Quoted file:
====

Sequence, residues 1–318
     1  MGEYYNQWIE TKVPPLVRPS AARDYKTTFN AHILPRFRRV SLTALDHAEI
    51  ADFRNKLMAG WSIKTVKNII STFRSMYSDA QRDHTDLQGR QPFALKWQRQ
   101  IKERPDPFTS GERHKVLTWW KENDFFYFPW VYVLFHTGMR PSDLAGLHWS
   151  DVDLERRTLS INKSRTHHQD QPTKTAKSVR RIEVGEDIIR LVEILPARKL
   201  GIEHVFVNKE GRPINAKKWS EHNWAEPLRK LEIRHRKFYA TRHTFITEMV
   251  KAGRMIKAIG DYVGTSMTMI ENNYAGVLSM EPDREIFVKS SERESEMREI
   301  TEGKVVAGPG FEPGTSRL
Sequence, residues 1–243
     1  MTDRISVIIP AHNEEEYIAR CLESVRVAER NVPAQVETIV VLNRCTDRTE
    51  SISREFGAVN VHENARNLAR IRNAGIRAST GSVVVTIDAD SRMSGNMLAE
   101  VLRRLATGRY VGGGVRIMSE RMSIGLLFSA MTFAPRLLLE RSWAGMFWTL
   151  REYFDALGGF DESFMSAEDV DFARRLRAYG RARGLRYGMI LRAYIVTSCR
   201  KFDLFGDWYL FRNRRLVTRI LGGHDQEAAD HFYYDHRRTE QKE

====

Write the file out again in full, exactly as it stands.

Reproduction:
Sequence, residues 1–318
     1  MGEYYNQWIE TKVPPLVRPS AARDYKTTFN AHILPRFRRV SLTALDHAEI
    51  ADFRNKLMAG WSIKTVKNII STFRSMYSDA QRDHTDLQGR QPFALKWQRQ
   101  IKERPDPFTS GERHKVLTWW KENDFFYFPW VYVLFHTGMR PSDLAGLHWS
   151  DVDLERRTLS INKSRTHHQD QPTKTAKSVR RIEVGEDIIR LVEILPARKL
   201  GIEHVFVNKE GRPINAKKWS EHNWAEPLRK LEIRHRKFYA TRHTFITEMV
   251  KAGRMIKAIG DYVGTSMTMI ENNYAGVLSM EPDREIFVKS SERESEMREI
   301  TEGKVVAGPG FEPGTSRL
Sequence, residues 1–243
     1  MTDRISVIIP AHNEEEYIAR CLESVRVAER NVPAQVETIV VLNRCTDRTE
    51  SISREFGAVN VHENARNLAR IRNAGIRAST GSVVVTIDAD SRMSGNMLAE
   101  VLRRLATGRY VGGGVRIMSE RMSIGLLFSA MTFAPRLLLE RSWAGMFWTL
   151  REYFDALGGF DESFMSAEDV DFARRLRAYG RARGLRYGMI LRAYIVTSCR
   201  KFDLFGDWYL FRNRRLVTRI LGGHDQEAAD HFYYDHRRTE QKE